Photos © J. Lowe 2008
In planning a road trip to take me around northwestern Michigan and into the Upper Peninsula, I stumbled across some reviews on tripadvisor.com of a b&b in Northport on the western peninsula called the Old Mill Pond Inn. These are snippets from some of the user reviews:
“our wives were actually frightened to stay there’
“straight out of a horror movie”
“something is definitely amiss at the Old Mill Pond. Run!!! “
“This is a FABULOUS and eclectic feast of a destination!”
Isn’t diversity great? Sadly, most people in this world are really annoying and should just stay at home getting fat or fit in front of the television.
The owner of the Old Mill Pond is David Chroback, an artist who has lived there for 25 years and has run his B&B for about that long too. He also caters food and organises all sorts of events in the area. As I travelled around visiting various farms and wineries, I would mention his name and people’s faces would light up with recognition. By all accounts he is deeply respected by many people for miles around.
I spent three nights at the Old Mill Pond Inn. On approaching the driveway I was greeted by a replica Beefeater in his sentry box, self – proclaiming redundancy and in the distance on the lawn, a large breasted, bra and panty clad wooden cut-out woman declaring herself ready to whip me into shape. The house and garden is an eclectic and passionate series of vignettes. He has amassed collections of objects, from the glittering to the kitsch, primitive to iconic, wacky to interesting. David’s home and the six rooms he has for guests are a veritable circus of ideas. With delightful irreverence, he moves gently and generously through the world creating magical scenes, gesturing opinion respectfully and shunning conformity politely.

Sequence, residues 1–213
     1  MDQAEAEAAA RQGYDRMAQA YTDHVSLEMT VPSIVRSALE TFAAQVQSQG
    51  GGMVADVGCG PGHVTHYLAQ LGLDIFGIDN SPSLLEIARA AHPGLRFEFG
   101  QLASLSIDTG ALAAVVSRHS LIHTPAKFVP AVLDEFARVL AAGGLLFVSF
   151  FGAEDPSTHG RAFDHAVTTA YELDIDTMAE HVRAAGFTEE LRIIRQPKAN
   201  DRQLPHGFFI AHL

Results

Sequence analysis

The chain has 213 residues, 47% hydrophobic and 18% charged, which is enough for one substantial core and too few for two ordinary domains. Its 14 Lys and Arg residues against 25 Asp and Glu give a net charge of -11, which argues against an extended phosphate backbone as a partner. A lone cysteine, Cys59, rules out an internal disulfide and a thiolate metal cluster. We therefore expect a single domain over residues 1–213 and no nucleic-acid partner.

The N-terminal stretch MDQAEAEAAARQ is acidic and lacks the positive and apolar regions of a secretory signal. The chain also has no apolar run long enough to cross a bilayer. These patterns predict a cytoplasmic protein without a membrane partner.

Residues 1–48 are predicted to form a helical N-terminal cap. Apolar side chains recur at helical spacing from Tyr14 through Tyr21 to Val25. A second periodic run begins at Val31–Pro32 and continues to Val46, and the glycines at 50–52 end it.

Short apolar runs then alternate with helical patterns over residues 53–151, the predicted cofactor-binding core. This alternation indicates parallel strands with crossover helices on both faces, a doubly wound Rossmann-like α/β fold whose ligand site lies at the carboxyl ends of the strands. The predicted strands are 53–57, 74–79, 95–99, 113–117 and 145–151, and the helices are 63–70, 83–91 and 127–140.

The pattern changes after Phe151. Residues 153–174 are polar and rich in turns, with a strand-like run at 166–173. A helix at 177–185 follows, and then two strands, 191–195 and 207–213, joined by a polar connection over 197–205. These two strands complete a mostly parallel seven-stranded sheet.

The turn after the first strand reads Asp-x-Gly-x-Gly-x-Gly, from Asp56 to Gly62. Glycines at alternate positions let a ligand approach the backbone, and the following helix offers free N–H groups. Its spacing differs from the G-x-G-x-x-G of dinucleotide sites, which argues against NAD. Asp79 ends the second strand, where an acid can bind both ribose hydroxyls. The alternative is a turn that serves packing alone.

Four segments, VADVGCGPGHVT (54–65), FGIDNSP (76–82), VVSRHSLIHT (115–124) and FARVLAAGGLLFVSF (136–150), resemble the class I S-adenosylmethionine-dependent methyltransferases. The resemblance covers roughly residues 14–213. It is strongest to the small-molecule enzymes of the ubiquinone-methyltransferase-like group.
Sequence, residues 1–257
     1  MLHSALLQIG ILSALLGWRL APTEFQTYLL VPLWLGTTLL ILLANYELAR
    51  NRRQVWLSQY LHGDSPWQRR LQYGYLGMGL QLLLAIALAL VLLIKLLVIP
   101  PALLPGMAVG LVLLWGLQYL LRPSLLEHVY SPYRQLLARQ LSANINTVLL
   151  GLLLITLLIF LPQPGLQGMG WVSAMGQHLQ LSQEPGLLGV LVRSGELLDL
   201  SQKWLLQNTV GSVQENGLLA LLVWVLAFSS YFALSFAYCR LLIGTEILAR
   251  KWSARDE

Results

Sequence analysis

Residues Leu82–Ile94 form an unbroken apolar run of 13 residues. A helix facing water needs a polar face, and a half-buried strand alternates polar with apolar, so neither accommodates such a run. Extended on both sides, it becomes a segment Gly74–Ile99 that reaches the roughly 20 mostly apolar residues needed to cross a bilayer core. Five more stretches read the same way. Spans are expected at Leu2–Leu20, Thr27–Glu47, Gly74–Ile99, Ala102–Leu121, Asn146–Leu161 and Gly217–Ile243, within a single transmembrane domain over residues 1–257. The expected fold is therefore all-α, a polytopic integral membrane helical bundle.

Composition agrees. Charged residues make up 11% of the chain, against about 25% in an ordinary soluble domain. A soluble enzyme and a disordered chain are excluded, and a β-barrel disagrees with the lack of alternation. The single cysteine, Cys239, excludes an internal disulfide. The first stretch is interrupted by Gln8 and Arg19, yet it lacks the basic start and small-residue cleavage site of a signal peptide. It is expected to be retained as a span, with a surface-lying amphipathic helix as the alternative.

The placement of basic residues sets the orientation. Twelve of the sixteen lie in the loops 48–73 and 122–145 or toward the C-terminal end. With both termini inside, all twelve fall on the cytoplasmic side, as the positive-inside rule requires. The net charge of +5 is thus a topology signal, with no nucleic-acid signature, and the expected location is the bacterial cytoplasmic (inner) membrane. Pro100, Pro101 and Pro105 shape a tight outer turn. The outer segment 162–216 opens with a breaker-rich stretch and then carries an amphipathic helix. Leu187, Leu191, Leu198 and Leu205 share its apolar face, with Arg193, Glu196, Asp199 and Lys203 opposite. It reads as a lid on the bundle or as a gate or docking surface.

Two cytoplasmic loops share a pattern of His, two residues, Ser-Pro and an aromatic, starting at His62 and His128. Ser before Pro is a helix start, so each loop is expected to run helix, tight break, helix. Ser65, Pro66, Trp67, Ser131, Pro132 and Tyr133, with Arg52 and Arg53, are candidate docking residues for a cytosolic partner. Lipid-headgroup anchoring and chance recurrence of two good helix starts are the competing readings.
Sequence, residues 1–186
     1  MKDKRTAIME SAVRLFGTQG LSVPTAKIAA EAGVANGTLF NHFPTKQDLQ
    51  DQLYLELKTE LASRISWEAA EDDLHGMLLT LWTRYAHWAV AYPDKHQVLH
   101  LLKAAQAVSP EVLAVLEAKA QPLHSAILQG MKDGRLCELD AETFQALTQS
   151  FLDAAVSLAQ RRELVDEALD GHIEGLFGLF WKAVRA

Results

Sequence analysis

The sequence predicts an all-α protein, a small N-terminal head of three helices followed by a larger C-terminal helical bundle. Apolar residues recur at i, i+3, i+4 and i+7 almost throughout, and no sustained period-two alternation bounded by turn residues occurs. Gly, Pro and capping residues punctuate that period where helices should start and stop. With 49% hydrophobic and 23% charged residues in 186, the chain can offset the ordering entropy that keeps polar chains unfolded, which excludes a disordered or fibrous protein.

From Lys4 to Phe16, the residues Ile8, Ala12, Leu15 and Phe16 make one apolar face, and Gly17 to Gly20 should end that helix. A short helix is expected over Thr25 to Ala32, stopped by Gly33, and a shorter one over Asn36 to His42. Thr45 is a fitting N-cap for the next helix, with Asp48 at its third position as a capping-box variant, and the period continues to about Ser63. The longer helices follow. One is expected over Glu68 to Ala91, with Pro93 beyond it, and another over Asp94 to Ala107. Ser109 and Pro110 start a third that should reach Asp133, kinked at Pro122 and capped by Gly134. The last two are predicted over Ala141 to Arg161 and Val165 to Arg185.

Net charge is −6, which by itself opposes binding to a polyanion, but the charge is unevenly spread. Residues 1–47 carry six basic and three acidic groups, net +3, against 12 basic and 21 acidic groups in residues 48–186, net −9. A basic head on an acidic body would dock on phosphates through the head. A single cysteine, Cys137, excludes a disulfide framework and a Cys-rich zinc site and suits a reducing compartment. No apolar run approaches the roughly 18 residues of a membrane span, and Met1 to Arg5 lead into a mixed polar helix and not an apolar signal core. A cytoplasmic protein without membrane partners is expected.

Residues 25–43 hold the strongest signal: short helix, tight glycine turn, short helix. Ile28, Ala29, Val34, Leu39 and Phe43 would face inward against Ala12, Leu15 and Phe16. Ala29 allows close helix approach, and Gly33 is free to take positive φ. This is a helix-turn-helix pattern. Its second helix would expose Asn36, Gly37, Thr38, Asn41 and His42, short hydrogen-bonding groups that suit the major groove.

Our breakfasts on his wrap around verandah were beautiful and delicious.
French toast croissants, a delicate omelette, blueberry pancakes, each dish decorated with fresh fruit and a garnish from his beautiful garden.
He has an ingenious way of growing tomatoes in a hanging black bucket, using pipe and connectors as the means by which to hang the heavy receptacle. Second year round he admitted is the much improved version. Anyone with a spot of outdoors, be it acreage or balcony, could grow themselves a tricolore salad or a marinara dish by this method.
My experience at The Old MIll Pond Inn reminded me of how straight and narrow life can be sometimes. I used to live in a town where the lawn police would come and stake the ground if the grass was over a certain length. I don’t have a garden at all now, I just have 2 lovely window boxes full of herbs. I’d kind of like a garden again some day, preferably roof top and I’ll be sure to remember David’s palace of imagination.